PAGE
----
And finally, but certainly not least, as the campaign unfolded, the endorsement from the Association of Black Anthropologists proved a key and powerful moment. Speaking from a Critical Israeli Studies perspective, I would say that what the Israeli state most fears from US society is support for the Palestinian cause from African Americans and anti-Zionist Jews. A racial supremacist state based on hyper-essentialism simply cannot bear solidarity.
Lori: Although the AAA, with its membership of nearly 12,000 people, is the largest US academic association to pass a boycott, this is not a very big proportion of the US public. Why do you think that this vote was significant? Does the AAA represent something larger than itself?
Daniel: Scholars have real impact on the broader US public first and foremost by teaching undergraduates. So yes, the AAA and other learned societies matter when they adopt a boycott of Israeli institutions. These boycotts of Israeli universities erode the legitimacy of the Israeli state for our undergraduates and in the broader US society. And for Israeli society—again bringing in a Critical Israeli Studies perspective—higher education and scholarship retain considerable stature and authority. So, in the Israeli context also, the AAA boycott matters.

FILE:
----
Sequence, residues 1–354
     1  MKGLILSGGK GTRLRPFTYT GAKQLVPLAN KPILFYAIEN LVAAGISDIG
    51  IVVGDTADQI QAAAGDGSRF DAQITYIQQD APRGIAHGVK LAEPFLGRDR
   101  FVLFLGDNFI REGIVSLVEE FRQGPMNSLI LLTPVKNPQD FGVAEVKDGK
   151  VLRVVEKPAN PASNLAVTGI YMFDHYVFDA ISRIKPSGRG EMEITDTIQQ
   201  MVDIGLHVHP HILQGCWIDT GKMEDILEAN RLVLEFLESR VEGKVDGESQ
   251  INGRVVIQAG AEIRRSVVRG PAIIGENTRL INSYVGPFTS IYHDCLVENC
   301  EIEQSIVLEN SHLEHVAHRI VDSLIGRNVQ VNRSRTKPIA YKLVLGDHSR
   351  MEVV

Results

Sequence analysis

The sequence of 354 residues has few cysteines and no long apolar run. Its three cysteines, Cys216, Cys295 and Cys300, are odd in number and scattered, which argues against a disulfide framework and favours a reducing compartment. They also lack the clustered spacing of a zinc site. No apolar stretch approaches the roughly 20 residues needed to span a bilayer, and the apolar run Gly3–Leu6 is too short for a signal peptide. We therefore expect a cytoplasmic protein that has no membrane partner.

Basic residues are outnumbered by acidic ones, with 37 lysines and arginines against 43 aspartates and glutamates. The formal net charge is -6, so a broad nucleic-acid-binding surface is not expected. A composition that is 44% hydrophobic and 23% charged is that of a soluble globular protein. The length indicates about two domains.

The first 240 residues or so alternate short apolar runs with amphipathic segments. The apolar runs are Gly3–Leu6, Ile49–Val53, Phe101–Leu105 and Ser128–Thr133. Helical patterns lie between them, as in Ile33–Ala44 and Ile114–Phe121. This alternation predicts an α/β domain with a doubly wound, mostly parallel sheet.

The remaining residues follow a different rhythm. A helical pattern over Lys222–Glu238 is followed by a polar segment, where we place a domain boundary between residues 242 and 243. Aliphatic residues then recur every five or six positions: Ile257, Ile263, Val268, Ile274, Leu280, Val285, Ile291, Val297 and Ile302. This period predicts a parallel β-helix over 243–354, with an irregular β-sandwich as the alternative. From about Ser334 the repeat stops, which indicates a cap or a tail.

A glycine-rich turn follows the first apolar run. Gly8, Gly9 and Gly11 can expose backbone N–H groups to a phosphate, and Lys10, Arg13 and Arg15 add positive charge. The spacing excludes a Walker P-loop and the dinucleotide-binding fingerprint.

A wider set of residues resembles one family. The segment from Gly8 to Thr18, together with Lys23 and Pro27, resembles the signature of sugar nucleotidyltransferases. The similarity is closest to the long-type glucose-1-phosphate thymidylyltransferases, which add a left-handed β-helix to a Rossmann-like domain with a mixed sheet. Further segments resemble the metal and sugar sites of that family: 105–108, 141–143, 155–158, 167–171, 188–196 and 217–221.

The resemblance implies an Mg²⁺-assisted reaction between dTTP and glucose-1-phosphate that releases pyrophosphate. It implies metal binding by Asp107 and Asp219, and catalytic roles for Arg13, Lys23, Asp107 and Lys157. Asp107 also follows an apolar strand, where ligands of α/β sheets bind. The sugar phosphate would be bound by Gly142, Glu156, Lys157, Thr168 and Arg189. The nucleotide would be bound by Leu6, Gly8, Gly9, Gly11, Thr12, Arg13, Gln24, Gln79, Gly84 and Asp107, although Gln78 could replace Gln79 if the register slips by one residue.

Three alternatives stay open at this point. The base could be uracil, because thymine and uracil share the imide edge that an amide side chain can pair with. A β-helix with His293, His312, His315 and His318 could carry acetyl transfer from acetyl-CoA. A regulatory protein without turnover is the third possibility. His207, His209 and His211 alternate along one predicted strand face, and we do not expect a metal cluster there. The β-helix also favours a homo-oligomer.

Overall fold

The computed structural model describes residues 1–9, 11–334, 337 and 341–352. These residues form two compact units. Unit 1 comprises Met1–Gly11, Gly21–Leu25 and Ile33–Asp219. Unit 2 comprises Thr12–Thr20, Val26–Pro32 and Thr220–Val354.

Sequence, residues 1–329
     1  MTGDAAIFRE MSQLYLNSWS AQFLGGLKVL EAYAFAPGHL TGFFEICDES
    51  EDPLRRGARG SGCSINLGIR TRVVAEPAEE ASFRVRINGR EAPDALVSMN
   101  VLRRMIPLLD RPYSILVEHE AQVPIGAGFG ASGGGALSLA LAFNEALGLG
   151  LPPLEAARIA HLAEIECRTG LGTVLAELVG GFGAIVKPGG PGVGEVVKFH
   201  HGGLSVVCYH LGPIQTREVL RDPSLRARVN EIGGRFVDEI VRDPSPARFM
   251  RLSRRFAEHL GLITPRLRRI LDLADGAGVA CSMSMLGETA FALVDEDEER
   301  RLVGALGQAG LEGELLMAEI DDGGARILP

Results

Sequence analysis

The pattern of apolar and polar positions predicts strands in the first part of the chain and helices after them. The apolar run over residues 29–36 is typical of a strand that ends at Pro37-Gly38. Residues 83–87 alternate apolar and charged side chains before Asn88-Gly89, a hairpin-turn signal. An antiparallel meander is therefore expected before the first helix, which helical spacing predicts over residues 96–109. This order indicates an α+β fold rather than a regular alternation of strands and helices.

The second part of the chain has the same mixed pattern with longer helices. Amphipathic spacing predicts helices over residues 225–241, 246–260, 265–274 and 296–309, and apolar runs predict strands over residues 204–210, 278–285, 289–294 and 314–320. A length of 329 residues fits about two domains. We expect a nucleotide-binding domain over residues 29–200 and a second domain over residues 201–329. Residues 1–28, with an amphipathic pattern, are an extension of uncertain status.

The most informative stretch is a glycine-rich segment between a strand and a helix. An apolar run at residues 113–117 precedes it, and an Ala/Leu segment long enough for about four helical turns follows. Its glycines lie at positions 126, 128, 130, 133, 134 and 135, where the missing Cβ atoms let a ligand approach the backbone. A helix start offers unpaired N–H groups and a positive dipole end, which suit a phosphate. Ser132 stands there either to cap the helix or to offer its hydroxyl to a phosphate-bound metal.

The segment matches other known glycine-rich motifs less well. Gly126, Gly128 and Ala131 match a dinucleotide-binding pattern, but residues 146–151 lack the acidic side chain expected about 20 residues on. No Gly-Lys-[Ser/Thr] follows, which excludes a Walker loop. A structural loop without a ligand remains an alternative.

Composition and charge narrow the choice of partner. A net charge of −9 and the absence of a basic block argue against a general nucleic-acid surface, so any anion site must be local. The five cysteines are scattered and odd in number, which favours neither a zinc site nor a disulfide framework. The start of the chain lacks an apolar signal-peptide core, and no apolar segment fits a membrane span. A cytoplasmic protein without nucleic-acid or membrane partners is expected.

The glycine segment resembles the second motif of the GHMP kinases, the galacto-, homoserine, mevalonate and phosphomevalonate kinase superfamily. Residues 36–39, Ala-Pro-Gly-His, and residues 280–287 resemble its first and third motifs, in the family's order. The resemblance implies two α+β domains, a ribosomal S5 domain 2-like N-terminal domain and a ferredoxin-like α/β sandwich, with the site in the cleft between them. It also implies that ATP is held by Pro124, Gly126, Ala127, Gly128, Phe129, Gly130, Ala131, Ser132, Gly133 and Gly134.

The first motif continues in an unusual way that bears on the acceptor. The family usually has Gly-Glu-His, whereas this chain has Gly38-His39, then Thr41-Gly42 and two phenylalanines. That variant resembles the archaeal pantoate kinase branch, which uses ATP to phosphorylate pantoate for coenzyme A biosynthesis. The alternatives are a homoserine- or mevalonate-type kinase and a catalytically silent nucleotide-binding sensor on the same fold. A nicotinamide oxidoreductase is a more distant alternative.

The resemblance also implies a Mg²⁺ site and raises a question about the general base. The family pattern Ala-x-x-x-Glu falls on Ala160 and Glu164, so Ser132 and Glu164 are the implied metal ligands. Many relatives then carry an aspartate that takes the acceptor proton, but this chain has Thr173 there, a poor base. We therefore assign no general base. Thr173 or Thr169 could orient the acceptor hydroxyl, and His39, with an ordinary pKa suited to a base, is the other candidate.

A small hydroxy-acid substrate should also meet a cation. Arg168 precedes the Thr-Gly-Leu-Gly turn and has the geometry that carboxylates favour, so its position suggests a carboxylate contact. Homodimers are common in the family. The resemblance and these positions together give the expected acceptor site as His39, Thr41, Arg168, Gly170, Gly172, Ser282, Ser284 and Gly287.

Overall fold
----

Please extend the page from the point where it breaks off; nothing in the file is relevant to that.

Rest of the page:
Jessica: I think the AAA membership is on the spectrum from liberal to leftist. This victory suggests that even the liberal US public is in the process of shifting its perspective on Israel and hopefully recognizing that two-sides-ism and calls for more dialogue have gotten nowhere. The significance of this win is clear. The hyperbolic negative coverage in the Zionist media shows the symbolic power of the vote on the Israeli state. The Palestinian Federation of Unions of University Professors and Employees (PFUUPE) and the Palestinian Campaign for the Academic and Cultural Boycott of Israel expressed tremendous support of this boycott resolution. The PFUUPE confirmed that this “decisive vote conveys to Palestinians that our concerns, our rights, and our dignity matter.”